Table of contents
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Index funds and exchange-traded funds are two popular types of investments for investors who prefer a passive approach. Index investing can offer a low-cost way to quickly invest in a variety of stocks, bonds, or other assets. And index ETFs can give investors easy access to these types of funds throughout the trading day.

What is an index fund?

An index fund is an investment vehicle that uses an index as a benchmark and tries to replicate the index’s returns. “Index” is the strategy and “fund” is the vehicle, and funds can come in different forms: They could be index mutual funds or index exchange-traded funds (ETFs). Index mutual funds pre-date index ETFs, but index ETFs are far more popular with investors today, thanks to their low cost and ease of trading. 

One popular benchmark stock market index is the Standard & Poor’s 500 Index. The S&P 500 tracks stocks from 500 of the largest U.S. companies in different leading industries. The owner of the index uses proprietary criteria and weighting to decide which companies to include and how much weight to give each company’s stock. However, the index is only a tracker. If investors want to invest in line with the S&P 500, they have to buy an index fund that’s linked to the S&P 500. They could buy, for example, the SPY ETF or the VFIAX mutual fund. Both track the S&P 500.

What is an ETF?

An ETF pools investors’ money to invest in stocks, bonds, and other assets. ETFs are traded on stock exchanges, similar to individual companies’ stocks. However, by buying shares in an ETF, investors are investing in a fractional share of all the underlying assets. 

Most ETFs are passively managed, meaning they simply attempt to track the performance of an index—these are index funds in the form of ETFs. A number of index ETFs track the S&P 500, while others try to mirror other indexes. Still others track the entire U.S. stock market, international markets, and non-stock assets, such as bonds or commodities

Companies can also create index ETFs focused on specific industries, sectors, or values. For example, the Impact Shares NAACP Minority Empowerment ETF (NACP) tracks the Morningstar Minority Empowerment Index. In turn, the benchmark index tracks companies that have strong racial and ethnic diversity policies. 

There are also actively managed ETFs and non-traditional passive index funds, such as smart beta ETFs, which use alternative factors to decide which investments to track. These funds aim to outperform their benchmarks. They aren’t as common as the traditional passive index ETFs.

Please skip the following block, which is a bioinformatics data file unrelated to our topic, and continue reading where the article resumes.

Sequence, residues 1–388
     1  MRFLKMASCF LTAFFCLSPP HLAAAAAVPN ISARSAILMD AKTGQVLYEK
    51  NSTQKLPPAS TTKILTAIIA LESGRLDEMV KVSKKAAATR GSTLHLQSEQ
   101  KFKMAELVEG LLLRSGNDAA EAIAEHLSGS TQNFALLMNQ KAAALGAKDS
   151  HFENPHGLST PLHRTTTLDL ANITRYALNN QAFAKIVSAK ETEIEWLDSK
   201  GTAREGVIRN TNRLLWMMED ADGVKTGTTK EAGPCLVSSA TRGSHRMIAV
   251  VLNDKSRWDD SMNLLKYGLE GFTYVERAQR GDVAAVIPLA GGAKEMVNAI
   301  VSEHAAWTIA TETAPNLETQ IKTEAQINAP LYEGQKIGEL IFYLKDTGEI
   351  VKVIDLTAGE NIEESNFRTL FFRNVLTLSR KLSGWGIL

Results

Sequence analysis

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Similarities between index mutual funds and ETFs

When an ETF tracks a market index, it is an index fund. But index funds can also be mutual funds. Index mutual funds and ETFs have the following similarities:

  • Diversification. A broad index fund could include hundreds or thousands of stocks or bonds. 
  • Low cost. Passive index funds—both mutual funds and ETFs—tend to have low management fees—called expense ratios.
  • Availability. ETFs and index mutual funds are widely available, and options abound in terms of market indexes to track.

Difference between index mutual funds and ETFs

There are also differences between index mutual funds and ETFs:

  • How they’re traded. ETFs are traded on stock exchanges during regular trading hours, while mutual funds are traded just once at the end of each trading day. 
  • Minimum and ongoing investments. Mutual funds may have an initial minimum investment requirement. Investors can then purchase additional shares for a specific dollar amount regardless of the share price. With ETFs, investors may only need to buy a single share. They may need to purchase entire shares after that, although some brokers may offer fractional shares of ETFs.  
  • Fees. In addition to expense ratios, some mutual funds charge commissions, also called load fees or 12b-1 fees.
  • Taxes. Mutual funds tend to buy and sell underlying assets more often than ETFs, which could lead to additional taxable events.
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Disclosures

Certain information contained in here has been obtained from third-party sources. While taken from sources believed to be reliable, Titan has not independently verified such information and makes no representations about the accuracy of the information or its appropriateness for a given situation. In addition, this content may include third-party advertisements; Titan has not reviewed such advertisements and does not endorse any advertising content contained therein.

This content is provided for informational purposes only, and should not be relied upon as legal, business, investment, or tax advice. You should consult your own advisers as to those matters. References to any securities or digital assets are for illustrative purposes only and do not constitute an investment recommendation or offer to provide investment advisory services. Furthermore, this content is not directed at nor intended for use by any investors or prospective investors, and may not under any circumstances be relied upon when making a decision to invest in any strategy managed by Titan. Any investments referred to, or described are not representative of all investments in strategies managed by Titan, and there can be no assurance that the investments will be profitable or that other investments made in the future will have similar characteristics or results.